"CIVIC literacy is a vital part of democracy. It is a credit to the community of Taree, to St Clare's High School that this Human Rights Group exists and that students felt encouraged and engaged to particicpate in the political process in such an outstanding and remarkable way."
The praise of NSW Senator Deborah O'Neill comes in the wake of her visit to Taree on July 21 to speak to students about their submission and petition opposing proposed amendments to Section 18c of the Racial Discrimination Act.
The students asked Senator O'Neill to represent their concerns and she travelled to Taree to meet with more than 40 students from the group at the school for more than an hour.
The St Clare's Human Rights Group launched a website and online campaign in April to promote and seek support for their petition and submission. The website www.humanrightsgroup. org.au/joinourfight included their submission, a petition and a You Tube video. The submission highlights the group's "concerns of the amendment, from the neglect of the psychological and mental impacts of racism, to the exemptions which allow journalists and politicians to deliberately launch factually incorrect and untruthful attacks on race."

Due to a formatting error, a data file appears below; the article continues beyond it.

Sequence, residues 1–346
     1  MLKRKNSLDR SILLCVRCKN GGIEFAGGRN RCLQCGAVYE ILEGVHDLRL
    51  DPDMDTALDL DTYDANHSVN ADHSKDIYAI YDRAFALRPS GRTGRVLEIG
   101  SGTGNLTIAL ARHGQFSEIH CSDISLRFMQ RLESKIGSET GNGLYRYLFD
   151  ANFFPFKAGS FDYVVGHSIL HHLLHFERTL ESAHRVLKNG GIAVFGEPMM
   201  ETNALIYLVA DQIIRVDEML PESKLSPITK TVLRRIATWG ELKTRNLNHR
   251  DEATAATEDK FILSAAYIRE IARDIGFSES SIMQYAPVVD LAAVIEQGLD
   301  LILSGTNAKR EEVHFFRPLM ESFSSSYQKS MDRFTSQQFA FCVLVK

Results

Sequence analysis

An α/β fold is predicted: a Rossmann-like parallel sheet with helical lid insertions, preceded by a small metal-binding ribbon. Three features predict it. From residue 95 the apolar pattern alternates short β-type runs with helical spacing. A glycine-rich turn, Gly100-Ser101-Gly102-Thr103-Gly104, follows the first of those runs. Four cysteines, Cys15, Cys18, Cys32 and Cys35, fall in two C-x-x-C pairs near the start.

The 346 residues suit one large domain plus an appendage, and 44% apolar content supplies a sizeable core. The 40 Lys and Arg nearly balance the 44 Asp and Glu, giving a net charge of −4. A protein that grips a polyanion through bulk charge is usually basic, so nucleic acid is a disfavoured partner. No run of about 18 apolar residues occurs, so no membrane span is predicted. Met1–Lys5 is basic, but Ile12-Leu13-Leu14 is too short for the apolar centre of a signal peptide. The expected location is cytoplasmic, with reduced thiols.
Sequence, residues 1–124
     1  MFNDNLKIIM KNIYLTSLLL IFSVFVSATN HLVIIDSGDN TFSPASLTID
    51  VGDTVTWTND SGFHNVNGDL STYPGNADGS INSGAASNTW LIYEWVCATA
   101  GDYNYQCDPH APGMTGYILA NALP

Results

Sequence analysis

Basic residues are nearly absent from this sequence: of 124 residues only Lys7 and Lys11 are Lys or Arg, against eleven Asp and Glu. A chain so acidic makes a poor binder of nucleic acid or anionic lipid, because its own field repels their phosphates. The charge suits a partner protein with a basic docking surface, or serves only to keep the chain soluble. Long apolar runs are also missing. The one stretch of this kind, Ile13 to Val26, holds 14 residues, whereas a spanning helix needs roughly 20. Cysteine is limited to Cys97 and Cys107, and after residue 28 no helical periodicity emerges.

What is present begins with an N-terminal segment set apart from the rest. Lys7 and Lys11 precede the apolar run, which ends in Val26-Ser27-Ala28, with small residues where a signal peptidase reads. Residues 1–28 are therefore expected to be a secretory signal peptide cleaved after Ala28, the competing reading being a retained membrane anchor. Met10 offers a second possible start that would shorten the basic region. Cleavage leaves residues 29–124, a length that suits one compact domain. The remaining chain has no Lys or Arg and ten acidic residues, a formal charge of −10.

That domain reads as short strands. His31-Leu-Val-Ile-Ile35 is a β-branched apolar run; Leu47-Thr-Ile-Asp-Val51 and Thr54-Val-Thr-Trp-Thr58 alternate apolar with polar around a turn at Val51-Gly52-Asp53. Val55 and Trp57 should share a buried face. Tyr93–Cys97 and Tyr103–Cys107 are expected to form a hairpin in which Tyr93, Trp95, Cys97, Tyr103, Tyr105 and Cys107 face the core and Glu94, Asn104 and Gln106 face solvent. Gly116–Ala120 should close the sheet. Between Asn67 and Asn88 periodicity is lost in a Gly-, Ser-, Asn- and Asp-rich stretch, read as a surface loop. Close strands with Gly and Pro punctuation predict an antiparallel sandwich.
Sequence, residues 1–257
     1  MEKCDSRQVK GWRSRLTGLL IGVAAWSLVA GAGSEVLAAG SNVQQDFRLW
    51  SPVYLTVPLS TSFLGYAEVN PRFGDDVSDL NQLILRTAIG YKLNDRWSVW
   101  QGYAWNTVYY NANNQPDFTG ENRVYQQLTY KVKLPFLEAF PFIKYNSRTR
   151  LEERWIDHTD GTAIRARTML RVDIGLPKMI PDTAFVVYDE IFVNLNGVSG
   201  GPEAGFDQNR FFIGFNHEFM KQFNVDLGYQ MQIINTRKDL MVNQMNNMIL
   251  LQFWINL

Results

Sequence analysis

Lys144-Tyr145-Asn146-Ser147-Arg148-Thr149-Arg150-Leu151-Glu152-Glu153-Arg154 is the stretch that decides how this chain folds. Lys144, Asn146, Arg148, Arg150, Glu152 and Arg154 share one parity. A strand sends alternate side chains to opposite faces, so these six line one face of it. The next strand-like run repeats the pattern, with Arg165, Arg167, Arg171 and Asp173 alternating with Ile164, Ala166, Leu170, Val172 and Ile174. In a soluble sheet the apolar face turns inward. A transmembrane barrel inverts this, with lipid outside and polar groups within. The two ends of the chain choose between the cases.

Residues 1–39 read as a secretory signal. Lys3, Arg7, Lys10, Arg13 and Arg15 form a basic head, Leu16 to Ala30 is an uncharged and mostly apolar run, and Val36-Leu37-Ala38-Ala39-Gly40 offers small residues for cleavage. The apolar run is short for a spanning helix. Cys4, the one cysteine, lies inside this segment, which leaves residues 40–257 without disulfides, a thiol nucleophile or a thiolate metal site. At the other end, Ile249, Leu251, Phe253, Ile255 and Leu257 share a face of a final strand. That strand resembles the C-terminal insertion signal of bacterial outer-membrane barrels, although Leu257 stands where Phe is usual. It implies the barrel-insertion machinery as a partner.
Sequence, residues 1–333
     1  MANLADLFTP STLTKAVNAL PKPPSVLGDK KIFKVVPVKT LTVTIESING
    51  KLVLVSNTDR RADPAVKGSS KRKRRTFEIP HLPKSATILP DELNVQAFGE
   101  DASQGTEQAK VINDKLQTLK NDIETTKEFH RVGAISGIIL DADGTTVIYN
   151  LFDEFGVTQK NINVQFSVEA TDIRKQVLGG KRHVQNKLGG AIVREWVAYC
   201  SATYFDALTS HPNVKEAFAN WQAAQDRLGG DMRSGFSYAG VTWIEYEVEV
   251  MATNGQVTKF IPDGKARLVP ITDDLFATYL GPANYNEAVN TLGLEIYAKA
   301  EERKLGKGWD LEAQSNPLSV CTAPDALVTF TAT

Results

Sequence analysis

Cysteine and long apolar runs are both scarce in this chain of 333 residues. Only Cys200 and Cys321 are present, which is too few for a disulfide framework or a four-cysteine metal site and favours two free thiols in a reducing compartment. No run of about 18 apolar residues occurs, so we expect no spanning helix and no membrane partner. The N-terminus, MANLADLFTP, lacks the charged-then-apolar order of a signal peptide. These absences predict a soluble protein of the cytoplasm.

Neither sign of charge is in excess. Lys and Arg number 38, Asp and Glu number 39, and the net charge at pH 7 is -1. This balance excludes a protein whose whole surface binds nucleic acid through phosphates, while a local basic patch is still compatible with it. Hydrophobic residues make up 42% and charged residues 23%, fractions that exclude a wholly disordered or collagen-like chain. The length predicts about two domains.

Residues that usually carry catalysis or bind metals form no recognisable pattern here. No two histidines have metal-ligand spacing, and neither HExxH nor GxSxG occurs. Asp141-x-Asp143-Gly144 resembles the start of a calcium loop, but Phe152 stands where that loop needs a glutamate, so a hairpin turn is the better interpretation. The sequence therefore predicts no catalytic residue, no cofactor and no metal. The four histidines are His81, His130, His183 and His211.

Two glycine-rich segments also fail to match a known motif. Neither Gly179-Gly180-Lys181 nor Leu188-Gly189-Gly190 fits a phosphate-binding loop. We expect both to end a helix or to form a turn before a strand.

Senator O'Neill commented that "it is often challenging for individuals and groups to speak about issues, particularly controversial issues, and so what they (the group) has done is significant and important."
"The quality of the submission is remarkable, and the students are an amazing group who are so generously encouraged by Phillip Chalmers," Senator O'Neill said.
Mr Chalmers is the co-ordinator of the St Clare's Human Rights Group and he described the senator's visit to the school as "fantastic".
"The senator is a very impressive person and she really affirmed the children for what they were doing," Mr Chalmers said.
Senator O'Neill said it was "unprecedented as to how the government was dealing with this piece of legislation."
"In a piece of legislation that relates to free speech it is extraordinary that the government has prevented the public release of the submissions on the proposed changes."
The Sydney Morning Herald reported in May that the government had received more than 5300 submissions on the proposed amendments.